Homeotherm Doi (identifier) ISBN (identifier)
The common frog is a poikilotherm and is able to function over a wide range of body core temperatures.

A poikilotherm (/ˈpɔɪkələˌθɜːrm, pɔɪˈkɪləˌθɜːrm/) is an animal whose internal temperature varies considerably. It is the opposite of a homeotherm, an animal which maintains thermal homeostasis. While the term in principle can apply to all organisms, it is generally only applied to animals, and mostly to vertebrates. Usually the fluctuations are consequence of variation in the ambient environmental temperature. Many terrestrial ectotherms are poikilothermic.[1] However some ectotherms remain in temperature-constant environments to the point that they are actually able to maintain a constant internal temperature (i.e. are homeothermic). It is this distinction that often makes the term "poikilotherm" more useful than the vernacular "cold-blooded", which is sometimes used to refer to ectotherms more generally.

Poikilothermic animals include types of vertebrate animals, specifically some fish, amphibians, and reptiles, as well as many invertebrate animals. The naked mole-rat[2][3] and sloth[4] are some of the rare mammals which are poikilothermic.


The term derives from Greek poikilos (ποικίλος), meaning "varied," ultimately from a root meaning "dappled" or “painted,” and thermos (θερμός), meaning "heat".


Sustained energy output of a poikilotherm (a lizard) and a homeotherm (a mouse) as a function of core body temperature. The homeotherm has a much higher output, but can only function over a very narrow range of body temperatures.

Poikilotherm animals must be able to function over a wider range of temperatures than homeotherms. The speed of most chemical reactions vary with temperature, and in order to function poikilotherms may have four to ten enzyme systems that operate at different temperatures for an important chemical reaction.[5] As a result, poikilotherms often have larger, more complex genomes than homeotherms in the same ecological niche. Frogs are a notable example of this effect, though their complex development is also an important factor in their large genome.[6]

Because their metabolism is variable and generally below that of homeothermic animals, sustained high-energy activities like powered flight in large animals or maintaining a large brain is generally beyond poikilotherm animals.[7] The metabolism of poikilotherms favors strategies such as sit-and-wait hunting over chasing prey for larger animals with high movement cost. As they do not use their metabolisms to heat or cool themselves, total energy requirement over time is low. For the same body weight, poikilotherms need only 5 to 10% of the energy of homeotherms.[8]

Adaptations in poikilotherms


It is comparatively easy for a poikilotherm to accumulate enough energy to reproduce. Poikilotherms at the same trophic level often have much shorter generations than homeotherms: weeks rather than years.[citation needed] Such applies even to animals with similar ecological roles such as cats and snakes.

This difference in energy requirement also means that a given food source can support a greater density of poikilothermic animals than homeothermic animals.[10] This is reflected in the predator-prey ratio which is usually higher in poikilothermic fauna compared to homeothermic ones. However, when homeotherms and poikilotherms have similar niches, and compete, the homeotherm can often drive poikilothermic competitors to extinction, because homeotherms can gather food for a greater fraction of each day.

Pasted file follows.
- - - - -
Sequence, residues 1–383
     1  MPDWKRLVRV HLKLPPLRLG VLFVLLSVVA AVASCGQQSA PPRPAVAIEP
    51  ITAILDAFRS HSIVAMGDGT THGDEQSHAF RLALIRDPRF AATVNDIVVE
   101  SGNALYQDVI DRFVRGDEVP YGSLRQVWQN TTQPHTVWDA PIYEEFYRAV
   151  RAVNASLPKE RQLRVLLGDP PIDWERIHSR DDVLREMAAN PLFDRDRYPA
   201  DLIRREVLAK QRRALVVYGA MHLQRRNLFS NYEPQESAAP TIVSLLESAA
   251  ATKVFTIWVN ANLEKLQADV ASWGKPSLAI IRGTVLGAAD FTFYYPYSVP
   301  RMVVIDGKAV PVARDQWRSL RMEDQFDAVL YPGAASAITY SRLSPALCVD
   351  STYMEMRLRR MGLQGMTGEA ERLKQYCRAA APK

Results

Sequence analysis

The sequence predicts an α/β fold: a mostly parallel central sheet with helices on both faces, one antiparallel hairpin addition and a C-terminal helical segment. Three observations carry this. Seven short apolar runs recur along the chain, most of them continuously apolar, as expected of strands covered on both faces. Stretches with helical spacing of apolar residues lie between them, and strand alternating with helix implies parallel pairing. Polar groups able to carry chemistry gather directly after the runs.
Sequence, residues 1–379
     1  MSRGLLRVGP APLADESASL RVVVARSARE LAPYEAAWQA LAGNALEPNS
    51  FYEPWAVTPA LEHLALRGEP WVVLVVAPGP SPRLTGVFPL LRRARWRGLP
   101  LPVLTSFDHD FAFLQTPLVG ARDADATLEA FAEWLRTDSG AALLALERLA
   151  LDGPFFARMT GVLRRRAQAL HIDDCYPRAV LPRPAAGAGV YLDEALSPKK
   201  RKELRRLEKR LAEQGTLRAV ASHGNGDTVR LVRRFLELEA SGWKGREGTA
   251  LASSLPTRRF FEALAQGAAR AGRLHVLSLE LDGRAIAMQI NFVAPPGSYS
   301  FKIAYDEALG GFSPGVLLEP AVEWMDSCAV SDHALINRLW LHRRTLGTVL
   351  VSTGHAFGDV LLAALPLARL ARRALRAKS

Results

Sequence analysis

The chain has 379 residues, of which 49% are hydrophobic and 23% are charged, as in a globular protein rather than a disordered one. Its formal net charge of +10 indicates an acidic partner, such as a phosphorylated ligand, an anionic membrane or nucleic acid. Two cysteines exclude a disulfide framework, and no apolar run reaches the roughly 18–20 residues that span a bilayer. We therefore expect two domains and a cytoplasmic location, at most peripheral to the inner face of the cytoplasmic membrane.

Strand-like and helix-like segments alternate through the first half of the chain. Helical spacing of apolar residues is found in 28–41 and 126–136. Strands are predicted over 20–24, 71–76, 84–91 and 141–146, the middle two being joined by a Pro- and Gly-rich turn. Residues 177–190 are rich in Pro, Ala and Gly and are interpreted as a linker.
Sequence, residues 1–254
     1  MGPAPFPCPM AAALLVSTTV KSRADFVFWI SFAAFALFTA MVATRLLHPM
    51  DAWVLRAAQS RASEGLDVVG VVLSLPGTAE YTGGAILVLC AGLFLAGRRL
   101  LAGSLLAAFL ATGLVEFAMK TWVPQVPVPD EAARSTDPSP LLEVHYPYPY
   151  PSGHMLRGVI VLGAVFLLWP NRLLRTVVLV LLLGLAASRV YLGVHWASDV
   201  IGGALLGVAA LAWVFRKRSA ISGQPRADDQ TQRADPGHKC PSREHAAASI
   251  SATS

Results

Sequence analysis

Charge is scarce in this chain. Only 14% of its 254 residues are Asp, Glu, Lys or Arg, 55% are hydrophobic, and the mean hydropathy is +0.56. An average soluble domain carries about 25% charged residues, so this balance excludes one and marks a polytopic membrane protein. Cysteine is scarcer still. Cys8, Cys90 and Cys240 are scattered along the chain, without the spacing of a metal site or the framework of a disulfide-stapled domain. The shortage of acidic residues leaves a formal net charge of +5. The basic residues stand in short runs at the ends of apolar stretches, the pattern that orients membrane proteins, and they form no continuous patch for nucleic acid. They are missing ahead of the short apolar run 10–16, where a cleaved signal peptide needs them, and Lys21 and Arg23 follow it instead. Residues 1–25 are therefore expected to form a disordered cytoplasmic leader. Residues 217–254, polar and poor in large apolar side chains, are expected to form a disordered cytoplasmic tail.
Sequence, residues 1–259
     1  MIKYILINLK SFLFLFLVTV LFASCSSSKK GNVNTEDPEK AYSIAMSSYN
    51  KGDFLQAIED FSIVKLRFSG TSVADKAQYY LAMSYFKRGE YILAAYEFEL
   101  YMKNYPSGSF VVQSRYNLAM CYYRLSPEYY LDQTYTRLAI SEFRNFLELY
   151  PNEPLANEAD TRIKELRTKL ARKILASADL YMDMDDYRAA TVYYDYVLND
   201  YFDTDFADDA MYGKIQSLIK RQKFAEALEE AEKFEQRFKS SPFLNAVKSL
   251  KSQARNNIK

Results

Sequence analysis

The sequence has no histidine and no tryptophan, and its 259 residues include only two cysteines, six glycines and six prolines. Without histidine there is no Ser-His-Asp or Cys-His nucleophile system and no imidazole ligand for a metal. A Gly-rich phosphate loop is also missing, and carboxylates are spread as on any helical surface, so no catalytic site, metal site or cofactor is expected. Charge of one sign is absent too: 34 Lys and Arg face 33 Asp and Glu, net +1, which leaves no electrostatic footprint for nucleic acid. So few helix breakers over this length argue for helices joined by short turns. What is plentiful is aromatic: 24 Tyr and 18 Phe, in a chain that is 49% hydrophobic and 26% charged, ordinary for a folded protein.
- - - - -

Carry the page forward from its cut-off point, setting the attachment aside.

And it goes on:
In medicine

In medicine, loss of normal thermoregulation in humans is referred to as "poikilothermia". This is usually seen with sedative and hypnotic drugs or in 'compartment syndrome'. For example, barbiturates, ethanol, and chloral hydrate may precipitate this effect.[citation needed] REM sleep is also considered a poikilothermic state in humans.[11]


  1. ^ Milton Hildebrand; G. E. Goslow, Jr. Principal ill. Viola Hildebrand. (2001). Analysis of vertebrate structure. New York: Wiley. p. 429. ISBN 0-471-29505-1.CS1 maint: multiple names: authors list (link)
  2. ^ Daly, T.J.M., Williams, L.A. and Buffenstein, R., (1997). Catecholaminergic innervation of interscapular brown adipose tissue in the naked mole-rat (Heterocephalus glaber). Journal of Anatomy, 190: 321-326. doi:10.1046/j.1469-7580.1997.19030321.x
  3. ^ Sherwin, C.M. (2010). The Husbandry and Welfare of Non-traditional Laboratory Rodents. In "UFAW Handbook on the Care and Management of Laboratory Animals", R. Hubrecht and J. Kirkwood (Eds). Wiley-Blackwell. Chapter 25, pp. 359-369
  4. ^ Britton, S. W.; Atkinson, W. E. (1938). "Poikilothermism in the Sloth". Journal of Mammalogy. 19 (1): 94. doi:10.2307/1374287. JSTOR 1374287.
  5. ^ Cavalier-Smith, T. "Coevolution of vertebrate genome, cell, and nuclear sizes". Symposium on the Evolution of Terrestrial Vertebrates: 51–86.
  6. ^ Ryan Gregory, T. (1 January 2002). "Genome size and developmental complexity". Genetica. 115 (1): 131–146. doi:10.1023/A:1016032400147. PMID 12188045.
  7. ^ Willmer, P., Stone, G., & Johnston, I. A. (2000): Environmental physiology of animals. Blackwell Science, London. 644 pages, ISBN 0-632-03517-X.
  8. ^ Campbell, N. A., Reece, J. B., et al. (2002). Biology. 6th edition. Benjamin / Cummings Publishing Company.
  9. ^ Hill, Richard (2016). Animal Physiology. Sunderland, MA: Sinauer Associates. p. 270. ISBN 978-1605354712.
  10. ^ Steen, J.B, Steen, H. & Stenseth, N.C. (1991): Population Dynamics of Poikilotherm and Homeotherm Vertebrates: Effects of Food Shortage. OICOS Vol. 60, No 2 (March, 1991), pp 269-272. summary
  11. ^ Leon Rosenthal (2009). "3". In Teofilo Lee-Chiong (ed.). Sleep Medicine Essentials. Wiley-Blackwell. p. 12.